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A male firefly glows above a field on a summer's night, emitting a series of enticing flashes.
He hopes a nearby female will respond with her own lightshow and mate with him.
Sadly for this male, it won't turn out quite the way he plans.
A female from a different species mimics his pulsing patterns: by tricking the male with her promise of partnership.
She lures him in – and turns him into an easy meal.
He's been deceived.
Behavioral biologists have identified three defining hallmarks of deception by non-human animals:
it must mislead the receiver, the deceiver must benefit, and it can't simply be an accident.
In this case we know that the predatory firefly's signal isn't an accident because she flexibly adjusts her flash pattern to match males of different species.
Based on this definition, where is animal deception seen in nature?
Camouflage is a good starting point–and one of the most familiar examples of animal trickery.
The leaf-tailed gecko and the octopus fool viewers by blending into the surfaces on which they rest.
Other animals use mimicry to protect themselves.
Harmless scarlet kingsnakes have evolved red, yellow, and black patterns resembling those of the venomous eastern coral snake to benefit from the protective warnings these markings convey.
Even some plants use mimicry:
there are orchids that look and smell like female wasps to attract hapless males, who end up pollinating the plant.
Some of these animals benefit by having fixed characteristics that are evolutionary suited to their environments.
But in other cases, the deceiver seems to anticipate the reactions of other animals and to adjust its behavior accordingly.
Sensing a threat, the octopus will rapidly change its colors to match its surroundings.
Dwarf chameleons color-match their environments more closely when they see a bird predator rather than a snake–birds, after all, have better color vision.
One of the more fascinating examples of animal deception comes from the fork-tailed drongo.
This bird sits atop tall trees in the Kalahari Desert, surveying the landscape for predators and calling when it senses a threat.
That sends meerkats, pied babblers, and others dashing for cover.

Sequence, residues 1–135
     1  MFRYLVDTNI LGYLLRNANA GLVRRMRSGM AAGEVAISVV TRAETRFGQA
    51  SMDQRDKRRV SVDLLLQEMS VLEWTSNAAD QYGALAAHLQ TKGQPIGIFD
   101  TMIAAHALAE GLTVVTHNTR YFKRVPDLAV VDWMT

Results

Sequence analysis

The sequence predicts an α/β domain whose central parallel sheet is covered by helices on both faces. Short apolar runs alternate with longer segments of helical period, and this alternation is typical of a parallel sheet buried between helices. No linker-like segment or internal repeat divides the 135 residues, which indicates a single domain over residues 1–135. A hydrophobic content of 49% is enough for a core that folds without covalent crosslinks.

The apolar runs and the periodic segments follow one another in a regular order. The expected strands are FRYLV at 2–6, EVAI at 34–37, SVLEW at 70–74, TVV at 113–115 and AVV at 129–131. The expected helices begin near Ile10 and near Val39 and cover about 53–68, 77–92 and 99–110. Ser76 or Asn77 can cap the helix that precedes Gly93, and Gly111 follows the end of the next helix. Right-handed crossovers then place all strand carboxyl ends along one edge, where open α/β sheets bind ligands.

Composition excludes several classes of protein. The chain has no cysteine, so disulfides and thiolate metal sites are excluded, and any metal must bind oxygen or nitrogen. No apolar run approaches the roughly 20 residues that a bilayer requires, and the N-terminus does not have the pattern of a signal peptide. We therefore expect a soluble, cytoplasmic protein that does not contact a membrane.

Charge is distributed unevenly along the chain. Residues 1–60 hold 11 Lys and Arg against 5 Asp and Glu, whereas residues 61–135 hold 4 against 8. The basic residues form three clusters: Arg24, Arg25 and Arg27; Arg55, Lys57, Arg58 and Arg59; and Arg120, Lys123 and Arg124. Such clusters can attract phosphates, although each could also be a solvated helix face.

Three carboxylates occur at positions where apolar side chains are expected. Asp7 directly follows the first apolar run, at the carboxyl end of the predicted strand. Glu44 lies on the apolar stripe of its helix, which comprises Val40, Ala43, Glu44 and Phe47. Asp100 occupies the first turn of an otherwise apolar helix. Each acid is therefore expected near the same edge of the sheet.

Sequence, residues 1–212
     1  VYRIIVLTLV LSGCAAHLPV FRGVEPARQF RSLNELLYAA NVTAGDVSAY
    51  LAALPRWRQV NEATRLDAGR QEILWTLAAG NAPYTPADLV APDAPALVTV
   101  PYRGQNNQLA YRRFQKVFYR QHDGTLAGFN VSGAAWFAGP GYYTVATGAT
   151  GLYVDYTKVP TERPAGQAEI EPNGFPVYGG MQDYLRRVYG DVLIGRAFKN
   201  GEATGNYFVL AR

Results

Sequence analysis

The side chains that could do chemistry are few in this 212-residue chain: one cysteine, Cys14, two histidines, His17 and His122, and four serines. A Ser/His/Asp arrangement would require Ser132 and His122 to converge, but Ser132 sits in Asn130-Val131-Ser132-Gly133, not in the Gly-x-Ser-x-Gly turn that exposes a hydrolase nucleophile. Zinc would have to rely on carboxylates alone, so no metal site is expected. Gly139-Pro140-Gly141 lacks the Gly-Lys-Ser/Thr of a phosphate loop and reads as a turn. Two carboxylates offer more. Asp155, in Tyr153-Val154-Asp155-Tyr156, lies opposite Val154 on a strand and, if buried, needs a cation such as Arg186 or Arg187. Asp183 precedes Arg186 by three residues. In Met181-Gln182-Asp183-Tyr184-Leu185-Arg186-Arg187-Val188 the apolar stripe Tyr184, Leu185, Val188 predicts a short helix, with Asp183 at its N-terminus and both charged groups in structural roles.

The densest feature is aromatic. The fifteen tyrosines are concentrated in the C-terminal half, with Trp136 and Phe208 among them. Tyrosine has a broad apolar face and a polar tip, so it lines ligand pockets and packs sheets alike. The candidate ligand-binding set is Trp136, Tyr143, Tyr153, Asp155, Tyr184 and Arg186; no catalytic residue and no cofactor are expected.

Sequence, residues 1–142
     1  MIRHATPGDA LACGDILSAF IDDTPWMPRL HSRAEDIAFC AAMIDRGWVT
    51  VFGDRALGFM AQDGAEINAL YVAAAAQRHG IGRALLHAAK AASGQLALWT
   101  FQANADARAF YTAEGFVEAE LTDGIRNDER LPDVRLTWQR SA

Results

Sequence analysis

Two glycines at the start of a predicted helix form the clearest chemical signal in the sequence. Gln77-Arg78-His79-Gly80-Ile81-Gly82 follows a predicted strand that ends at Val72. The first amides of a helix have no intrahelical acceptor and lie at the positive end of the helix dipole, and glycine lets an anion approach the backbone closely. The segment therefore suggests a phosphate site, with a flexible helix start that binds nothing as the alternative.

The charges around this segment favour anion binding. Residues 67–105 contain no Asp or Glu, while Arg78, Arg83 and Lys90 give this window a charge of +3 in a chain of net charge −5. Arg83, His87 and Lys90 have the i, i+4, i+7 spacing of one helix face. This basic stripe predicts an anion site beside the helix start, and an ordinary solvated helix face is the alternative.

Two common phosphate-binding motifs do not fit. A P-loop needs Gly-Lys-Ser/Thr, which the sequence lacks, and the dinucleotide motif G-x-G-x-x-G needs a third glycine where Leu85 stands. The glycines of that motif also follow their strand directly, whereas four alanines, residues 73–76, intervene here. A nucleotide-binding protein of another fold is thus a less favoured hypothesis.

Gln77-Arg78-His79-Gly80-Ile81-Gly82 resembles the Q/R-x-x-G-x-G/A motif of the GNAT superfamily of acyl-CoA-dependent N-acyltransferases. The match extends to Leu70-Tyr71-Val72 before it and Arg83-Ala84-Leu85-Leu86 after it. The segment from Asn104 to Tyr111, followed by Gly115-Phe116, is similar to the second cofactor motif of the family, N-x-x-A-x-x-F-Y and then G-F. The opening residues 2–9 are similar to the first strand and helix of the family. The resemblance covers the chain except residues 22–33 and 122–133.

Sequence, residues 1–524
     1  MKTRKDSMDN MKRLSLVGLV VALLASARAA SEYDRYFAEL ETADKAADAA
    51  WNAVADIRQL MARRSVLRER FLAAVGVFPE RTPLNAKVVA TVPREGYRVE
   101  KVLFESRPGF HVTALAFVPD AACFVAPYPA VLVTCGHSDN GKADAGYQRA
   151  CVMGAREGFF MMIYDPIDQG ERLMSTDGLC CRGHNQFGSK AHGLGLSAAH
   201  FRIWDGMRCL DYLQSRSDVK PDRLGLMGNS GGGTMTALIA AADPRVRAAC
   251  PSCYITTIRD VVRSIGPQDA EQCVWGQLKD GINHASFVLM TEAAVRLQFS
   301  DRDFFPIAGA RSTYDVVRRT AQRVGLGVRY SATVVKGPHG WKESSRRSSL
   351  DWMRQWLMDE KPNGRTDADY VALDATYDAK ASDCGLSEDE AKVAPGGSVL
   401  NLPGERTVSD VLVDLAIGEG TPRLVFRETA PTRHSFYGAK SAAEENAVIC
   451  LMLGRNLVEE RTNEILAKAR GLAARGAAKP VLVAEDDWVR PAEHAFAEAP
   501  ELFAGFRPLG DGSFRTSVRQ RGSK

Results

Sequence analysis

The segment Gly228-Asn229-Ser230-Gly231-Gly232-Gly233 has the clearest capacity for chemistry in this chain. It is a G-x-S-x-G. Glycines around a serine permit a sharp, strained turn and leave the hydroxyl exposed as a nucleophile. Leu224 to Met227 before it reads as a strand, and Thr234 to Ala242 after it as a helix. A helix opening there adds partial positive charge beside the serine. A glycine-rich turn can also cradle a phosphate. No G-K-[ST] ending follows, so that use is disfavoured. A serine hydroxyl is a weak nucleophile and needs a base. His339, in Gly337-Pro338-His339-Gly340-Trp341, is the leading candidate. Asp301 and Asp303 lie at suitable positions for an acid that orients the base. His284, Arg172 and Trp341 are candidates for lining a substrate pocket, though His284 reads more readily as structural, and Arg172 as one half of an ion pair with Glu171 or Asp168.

But the drongo will also sound a false alarm when those other species have captured prey.
As the meerkats and babblers flee, the drongo swoops down to steal their catches.
This tactic works about half the time–and it provides drongos with much of their food.
There are fewer solid cases of animals using signals to trick members of their own species, but that happens too.
Consider the mantis shrimp.
Like other crustaceans, it molts as it grows, which leaves its soft body vulnerable to attack.
But it's still driven to protect its home against rivals.
So it has become a masterful bluffer.
Despite being fragile, a newly molted shrimp is actually more likely to threaten intruders, spreading the large limbs it usually uses to strike or stab its opponents.
And that works!
Bluffers are more likely to keep their homes than non-bluffers.
In its softened condition, a mantis shrimp couldn't withstand a fight–which is why we can be confident that its behavior is a bluff.
Biologists have even noticed that its bluffs are tactical:
newly molted mantis shrimp are more likely to bluff against smaller rivals, who are especially likely to be driven away.
It would seem that instead of just threatening reflexively, the mantis shrimp is swiftly gauging the situation and predicting others' behavior, to get the best result.
So we know that animals can deceive, but do they do so with intent?
That's a difficult question, and many scientists think we'll never be able to answer it.
We can't observe animals' internal thoughts.
But we don't need to know what an animal is thinking in order to detect deception.
By watching behavior and its outcomes, we learn that animals manipulate predators, prey, and rivals.
And that their capacity for deception can be surprisingly complex.
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Can animals be deceptive? - Eldridge Adams

4531 Folder Collection
王健安 published on January 11, 2019
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